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Mobile, Alabama

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Zeb Ramey
Zeb Ramey
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Let Jurors Ask Questions

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I just completed a week’s trial that resulted in a hung jury. The jury was unable to unanimously agree on a verdict. Many states do not require unanimous verdicts in civil cases. For an example, Mississippi requires three-fourths of the jurors to decide a civil case. But that is an issue for another day.

I wonder if the jurors had been allowed to question witnesses whether the result may have been different. Would some issues have been cleared up? Would questions by them have alerted me to address an issue with another witness?

When I was trying cases in the Marine Corps, jurors were allowed to ask questions. It was a simple process. After the lawyers completed their examinations of a witness, the judge would invite the jurors to write down any questions they had for the witness. The questions were reviewed by the lawyers and submitted to the court. If the lawyers had an objection to a question, they raised that objection at a side bar conference outside the hearing of the jury. The judge ruled on whether those questions should be asked just as he would rule on whether a question was proper by a lawyer.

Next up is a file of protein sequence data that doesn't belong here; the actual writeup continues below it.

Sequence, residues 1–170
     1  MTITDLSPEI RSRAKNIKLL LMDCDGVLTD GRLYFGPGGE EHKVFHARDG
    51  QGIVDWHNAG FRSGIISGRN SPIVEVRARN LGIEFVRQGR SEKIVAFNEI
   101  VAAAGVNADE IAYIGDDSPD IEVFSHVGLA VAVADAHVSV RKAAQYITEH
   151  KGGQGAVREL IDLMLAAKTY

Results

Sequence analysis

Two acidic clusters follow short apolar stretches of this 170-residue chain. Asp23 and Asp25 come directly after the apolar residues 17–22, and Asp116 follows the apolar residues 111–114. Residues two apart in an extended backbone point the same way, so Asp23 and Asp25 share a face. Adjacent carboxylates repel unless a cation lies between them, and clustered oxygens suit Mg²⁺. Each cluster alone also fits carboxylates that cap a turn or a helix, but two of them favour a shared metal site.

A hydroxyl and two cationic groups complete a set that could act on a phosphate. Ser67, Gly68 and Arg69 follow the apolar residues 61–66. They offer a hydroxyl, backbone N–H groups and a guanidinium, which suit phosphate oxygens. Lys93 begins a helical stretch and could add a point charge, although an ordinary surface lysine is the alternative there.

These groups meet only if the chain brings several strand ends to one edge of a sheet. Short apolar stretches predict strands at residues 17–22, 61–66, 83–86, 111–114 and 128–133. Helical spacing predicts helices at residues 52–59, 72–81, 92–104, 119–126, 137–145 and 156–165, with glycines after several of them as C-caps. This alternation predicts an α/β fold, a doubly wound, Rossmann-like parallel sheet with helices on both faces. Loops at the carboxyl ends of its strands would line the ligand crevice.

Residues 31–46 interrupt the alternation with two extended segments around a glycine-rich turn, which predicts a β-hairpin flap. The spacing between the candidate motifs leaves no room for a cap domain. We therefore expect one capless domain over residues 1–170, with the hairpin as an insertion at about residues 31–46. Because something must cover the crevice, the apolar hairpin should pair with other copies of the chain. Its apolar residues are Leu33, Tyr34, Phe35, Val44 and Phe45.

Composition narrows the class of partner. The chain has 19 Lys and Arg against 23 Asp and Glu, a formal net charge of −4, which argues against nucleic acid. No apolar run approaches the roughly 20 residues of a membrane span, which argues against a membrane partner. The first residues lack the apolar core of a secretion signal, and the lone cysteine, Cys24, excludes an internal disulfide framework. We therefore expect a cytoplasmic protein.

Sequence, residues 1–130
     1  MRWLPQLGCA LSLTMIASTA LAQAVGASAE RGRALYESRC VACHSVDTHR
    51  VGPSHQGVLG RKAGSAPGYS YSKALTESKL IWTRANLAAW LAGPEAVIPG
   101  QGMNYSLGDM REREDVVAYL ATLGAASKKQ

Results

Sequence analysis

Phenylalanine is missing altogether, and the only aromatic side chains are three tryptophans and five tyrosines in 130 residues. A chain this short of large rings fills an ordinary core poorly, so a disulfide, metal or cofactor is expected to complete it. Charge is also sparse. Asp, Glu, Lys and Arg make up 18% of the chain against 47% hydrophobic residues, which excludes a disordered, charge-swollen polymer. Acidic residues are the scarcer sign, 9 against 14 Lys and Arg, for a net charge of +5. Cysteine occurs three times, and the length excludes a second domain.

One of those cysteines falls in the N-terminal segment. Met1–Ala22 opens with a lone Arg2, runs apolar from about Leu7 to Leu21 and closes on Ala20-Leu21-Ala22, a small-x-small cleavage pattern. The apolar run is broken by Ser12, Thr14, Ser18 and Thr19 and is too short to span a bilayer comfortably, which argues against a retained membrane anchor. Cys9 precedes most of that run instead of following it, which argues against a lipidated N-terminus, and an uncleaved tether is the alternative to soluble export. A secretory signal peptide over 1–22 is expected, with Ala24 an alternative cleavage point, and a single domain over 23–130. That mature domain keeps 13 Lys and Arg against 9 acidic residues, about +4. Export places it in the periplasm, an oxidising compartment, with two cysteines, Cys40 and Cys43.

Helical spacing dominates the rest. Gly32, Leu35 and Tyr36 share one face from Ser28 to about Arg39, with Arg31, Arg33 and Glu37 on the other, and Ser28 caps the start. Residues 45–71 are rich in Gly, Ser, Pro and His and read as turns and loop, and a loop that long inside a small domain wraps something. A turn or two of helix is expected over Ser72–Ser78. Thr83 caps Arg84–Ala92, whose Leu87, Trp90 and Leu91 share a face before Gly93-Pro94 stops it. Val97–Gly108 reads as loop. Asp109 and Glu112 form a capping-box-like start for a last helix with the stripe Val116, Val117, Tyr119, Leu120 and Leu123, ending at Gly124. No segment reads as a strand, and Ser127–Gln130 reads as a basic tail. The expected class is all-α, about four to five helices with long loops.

The process allowed the jury to be better informed and also allowed them to make their decision based more likely on the facts they learned from the testimony under oath as opposed to conjecture. Having them ask question also makes the jurors more involved in the trial.

Changing the way trials are run is difficult for lawyers. They want to be in control. However, since the jury is the one that is going to make the decision, why not let them clarify issues they have with the case?

-Billy Cunningham